Several decades after the fundamental discoveries which opened the fields of nuclear magnetic resonance (NMR) spectroscopy and magnetic resonance imaging (MRI), both the underlying instrumentation and respective applications advanced to a fairly mature state, rendering NMR spectroscopy a key method for structural analysis of biomolecules and MRI one of the most important modalities for diagnostic imaging. For MRI, recent developments indicate that further progress can rather be expected from novel mathematical reconstruction techniques than from further advances in technology. At the same time, the application of new mathematical approaches facilitates the recording of NMR spectra with higher spectral resolution and at less measurement time, especially for multi-dimensional NMR spectroscopy. As NMR and MRI share the same physical principles, there are many similarities between the mathematical tools used for their analysis.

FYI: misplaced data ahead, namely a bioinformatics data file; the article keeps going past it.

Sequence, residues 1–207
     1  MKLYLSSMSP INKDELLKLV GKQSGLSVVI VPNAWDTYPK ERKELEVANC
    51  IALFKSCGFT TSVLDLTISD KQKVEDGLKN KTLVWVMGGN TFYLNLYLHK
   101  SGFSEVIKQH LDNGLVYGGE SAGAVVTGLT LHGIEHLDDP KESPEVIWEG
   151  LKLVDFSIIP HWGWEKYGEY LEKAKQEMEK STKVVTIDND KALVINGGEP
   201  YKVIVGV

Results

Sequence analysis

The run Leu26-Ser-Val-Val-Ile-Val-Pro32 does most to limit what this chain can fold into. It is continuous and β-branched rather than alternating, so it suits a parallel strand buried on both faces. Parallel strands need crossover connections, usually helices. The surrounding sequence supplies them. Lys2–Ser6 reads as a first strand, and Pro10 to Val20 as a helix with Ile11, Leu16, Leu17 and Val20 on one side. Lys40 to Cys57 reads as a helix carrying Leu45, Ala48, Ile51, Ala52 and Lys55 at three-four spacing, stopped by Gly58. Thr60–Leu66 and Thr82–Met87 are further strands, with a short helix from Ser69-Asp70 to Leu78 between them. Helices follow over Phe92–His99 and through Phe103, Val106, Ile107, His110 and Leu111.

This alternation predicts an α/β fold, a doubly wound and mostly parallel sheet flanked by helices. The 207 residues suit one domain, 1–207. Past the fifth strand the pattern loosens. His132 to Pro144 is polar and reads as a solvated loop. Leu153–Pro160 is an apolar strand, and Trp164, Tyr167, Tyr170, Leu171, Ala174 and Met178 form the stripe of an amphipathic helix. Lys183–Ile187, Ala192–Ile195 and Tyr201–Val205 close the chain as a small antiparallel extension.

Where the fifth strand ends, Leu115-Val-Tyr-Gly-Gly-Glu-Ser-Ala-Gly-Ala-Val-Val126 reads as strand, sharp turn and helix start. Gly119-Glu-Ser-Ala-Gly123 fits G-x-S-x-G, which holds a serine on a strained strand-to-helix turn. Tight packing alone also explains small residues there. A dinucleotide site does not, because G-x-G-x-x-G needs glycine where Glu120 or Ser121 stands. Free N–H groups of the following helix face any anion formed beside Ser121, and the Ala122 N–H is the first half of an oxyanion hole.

The aim of this workshop is to foster interaction of researchers working in NMR, MRI, and regularization of ill-posed problems, starting with tutorials in each of these fields.
Topics include parallel imaging, undersampling strategies, compressed sensing, non-quadratic regularization, nonlinear inversion methods, diffusion-weighted imaging and fiber tractography, parametric as well as nonparametric reconstruction of spectra, and non-uniform sampling in the indirect time domain.